15 of the Most Popular Types of Potatoes

Potato, a tuberous root vegetable of the nightshade plant Solanum tuberosum, is one of the most popular food crops in the world after maize, wheat, and rice. Because of its endless culinary applications, potato has become one of the highest consumed vegetables in the US. Although undermined for its high carb content, a potato is pretty nutritious. It consists of about 70% of the required daily amount of Vitamin C, high quantities of Vitamin B1, Vitamin B3, and Vitamin B6, and has higher potassium content than a banana.

How many Different Varieties of Potatoes are there

There are roughly 4,000 different varieties of potatoes, which include some common types, each of them having specific culinary or agricultural attributes. To help determine which potatoes to use for various culinary applications, they are often categorized based on their contents (starch compounds and solid-to-water ratio) and texture. These factors play a role in placing potatoes in starchy (mealy), waxy, and all-purpose categories.

1. Starchy Potato
Also called mealy or floury potatoes, has high solids, amylose starch (20-22%), and low moisture, forms a fluffy texture, do not hold together well when baked

Uses: Best for frying, baking; used in French fries, latkes, hash browns

Examples: Russet, Jewel Yam, Japanese Sweet Potato, Hannah Sweet Potato
2. Waxy Potato
Has lower starch content (16-18%), most of which is amylopectin, is high in moisture, has a smoother texture, retains shape when cooked

Uses: Ideal for roasting, boiling; included in gratins, soups, and salads

Examples: Red Bliss, French Fingerling, Russian Banana, Red Thumb, La Ratte, Austrian Crescent
3. All-Purpose Potato
Categorized in between the other two types, contains moderate levels of starch, moderately fluffy and absorbent, holds shape better than starchy potato, suitable for any potato dish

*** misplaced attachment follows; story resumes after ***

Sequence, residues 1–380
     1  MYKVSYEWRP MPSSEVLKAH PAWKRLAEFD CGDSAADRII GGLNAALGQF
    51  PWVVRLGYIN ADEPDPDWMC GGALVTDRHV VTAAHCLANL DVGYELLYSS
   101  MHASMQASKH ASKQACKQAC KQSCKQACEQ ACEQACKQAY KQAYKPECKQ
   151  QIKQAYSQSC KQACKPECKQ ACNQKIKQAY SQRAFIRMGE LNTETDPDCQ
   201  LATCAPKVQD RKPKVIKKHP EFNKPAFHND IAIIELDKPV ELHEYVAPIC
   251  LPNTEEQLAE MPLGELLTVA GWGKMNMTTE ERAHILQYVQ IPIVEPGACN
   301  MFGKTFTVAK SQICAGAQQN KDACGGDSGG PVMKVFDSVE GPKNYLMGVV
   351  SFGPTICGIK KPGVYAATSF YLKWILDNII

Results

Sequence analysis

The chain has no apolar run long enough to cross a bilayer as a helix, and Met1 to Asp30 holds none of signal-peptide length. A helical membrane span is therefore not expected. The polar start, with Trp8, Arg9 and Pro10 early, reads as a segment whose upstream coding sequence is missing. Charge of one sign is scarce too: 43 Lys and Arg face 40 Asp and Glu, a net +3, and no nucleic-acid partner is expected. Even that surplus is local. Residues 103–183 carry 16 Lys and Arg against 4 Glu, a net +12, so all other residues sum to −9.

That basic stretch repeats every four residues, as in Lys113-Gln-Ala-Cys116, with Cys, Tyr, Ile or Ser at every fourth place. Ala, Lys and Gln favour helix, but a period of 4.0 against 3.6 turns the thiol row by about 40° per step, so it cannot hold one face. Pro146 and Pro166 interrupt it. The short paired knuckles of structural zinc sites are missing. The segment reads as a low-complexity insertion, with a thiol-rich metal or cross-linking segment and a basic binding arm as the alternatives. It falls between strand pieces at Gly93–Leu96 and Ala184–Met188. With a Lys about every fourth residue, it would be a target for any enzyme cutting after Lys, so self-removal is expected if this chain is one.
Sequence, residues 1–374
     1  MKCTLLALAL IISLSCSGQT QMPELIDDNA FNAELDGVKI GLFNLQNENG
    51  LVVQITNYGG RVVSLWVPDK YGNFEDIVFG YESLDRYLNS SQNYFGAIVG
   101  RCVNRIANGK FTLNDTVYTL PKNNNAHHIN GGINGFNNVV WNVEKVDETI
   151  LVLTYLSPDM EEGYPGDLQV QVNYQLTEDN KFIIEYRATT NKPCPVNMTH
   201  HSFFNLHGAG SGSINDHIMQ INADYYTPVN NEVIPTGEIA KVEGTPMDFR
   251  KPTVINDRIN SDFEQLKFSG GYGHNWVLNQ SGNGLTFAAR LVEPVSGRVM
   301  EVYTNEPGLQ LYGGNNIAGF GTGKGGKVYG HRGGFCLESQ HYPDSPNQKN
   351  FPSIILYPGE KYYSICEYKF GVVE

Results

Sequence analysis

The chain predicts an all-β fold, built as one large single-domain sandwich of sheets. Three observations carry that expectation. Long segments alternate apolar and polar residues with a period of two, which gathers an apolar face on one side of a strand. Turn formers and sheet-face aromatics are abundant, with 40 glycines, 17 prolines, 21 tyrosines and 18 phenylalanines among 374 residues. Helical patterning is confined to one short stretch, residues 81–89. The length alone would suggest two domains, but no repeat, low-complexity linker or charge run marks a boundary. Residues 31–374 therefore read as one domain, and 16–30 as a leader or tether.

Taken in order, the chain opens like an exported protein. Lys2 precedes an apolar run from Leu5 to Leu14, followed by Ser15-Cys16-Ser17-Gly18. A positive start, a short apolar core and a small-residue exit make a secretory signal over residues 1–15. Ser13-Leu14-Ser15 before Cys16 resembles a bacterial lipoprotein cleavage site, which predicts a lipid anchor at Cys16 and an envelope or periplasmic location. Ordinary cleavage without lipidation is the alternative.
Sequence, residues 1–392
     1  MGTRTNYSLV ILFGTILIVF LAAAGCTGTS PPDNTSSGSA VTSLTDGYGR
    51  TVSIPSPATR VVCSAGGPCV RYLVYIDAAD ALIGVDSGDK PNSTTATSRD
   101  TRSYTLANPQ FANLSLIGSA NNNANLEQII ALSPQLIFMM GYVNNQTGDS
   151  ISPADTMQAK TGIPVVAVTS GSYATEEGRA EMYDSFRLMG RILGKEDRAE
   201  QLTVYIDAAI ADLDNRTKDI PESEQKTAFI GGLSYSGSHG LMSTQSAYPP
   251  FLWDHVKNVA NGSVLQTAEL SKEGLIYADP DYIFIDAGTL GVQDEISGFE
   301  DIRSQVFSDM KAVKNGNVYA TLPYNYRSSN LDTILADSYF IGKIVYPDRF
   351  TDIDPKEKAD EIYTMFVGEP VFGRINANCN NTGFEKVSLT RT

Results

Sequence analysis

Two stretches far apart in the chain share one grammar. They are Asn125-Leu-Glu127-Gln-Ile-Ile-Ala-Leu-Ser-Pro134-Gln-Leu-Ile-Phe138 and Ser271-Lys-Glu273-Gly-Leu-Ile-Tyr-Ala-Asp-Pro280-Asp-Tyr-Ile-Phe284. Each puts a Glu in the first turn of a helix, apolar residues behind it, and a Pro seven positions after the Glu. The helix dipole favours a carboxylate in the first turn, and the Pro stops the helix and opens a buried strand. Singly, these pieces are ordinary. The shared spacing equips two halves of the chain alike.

Uses: Ideal for stewing, pan frying, roasting; tastes good in gratins or soups

Examples: Yukon Gold, Red Gold, Purple Majesty, Red Norland, All Blue

List of Different Types of Potatoes

The list below shows that there is more to it than the common Russets. Read on to find out which potatoes fit into these three basic categories.

4 Types of Starchy (Mealy) Potatoes

1. Russet (also called Idaho or Burbank)

Russet Potato

First produced in the 1870s, these potatoes became famous for their use in French fries and they now constitute approximately 70% of the total potato sales in the US. As a starchy white potato, the Russets turn dry and mealy when baked and they contain high amounts of amylose.

Shape: Large, oblong

Color: Spotty brown skin, white flesh

Use: Ideally baked; can be fried and mashed

2. Jewel Yam

Jewel Yam Potato

It does not belong to the true yam family, but is a type of sweet potato and a member of the morning glory family of plants and trees. It is one of the most common sweet potatoes available in the market.

Shape: Cylindrical with tapering ends

Color: Rough, semi-thick, pale orange or brownish skin, orange flesh

Use: Ideally baked or roasted

3. Japanese Sweet Potato

Japanese Sweet Potato

It is a popular variety of Satsuma-imo or sweet potato that is rich in minerals, vitamins, and antioxidants. It is characterized by a sweet and nutty flavor.

Shape: Oblong with tapered ends

Color: Reddish or purplish skin, creamy white flesh

Use: Ideally grilled, baked, or steamed

4. Hannah Sweet Potato

Hannah Sweet Potato

Also called the Sweet Hannah or Yellow Hannah, this variety of sweet potato is similar to Jewel Yam but its skin and flesh are lighter in color.

Shape: Oblong, cylindrical, with rounded or tapered ends

Color: Reddish or purplish skin, creamy white flesh

Use: Ideally baked, stir-fried, stuffed

6 Types of Waxy Potatoes

5. Red Bliss

Red Bliss Potato

It is a common red-skinned variety with high sugar content and moist, translucent flesh that turns gummy when mashed.

Shape: Round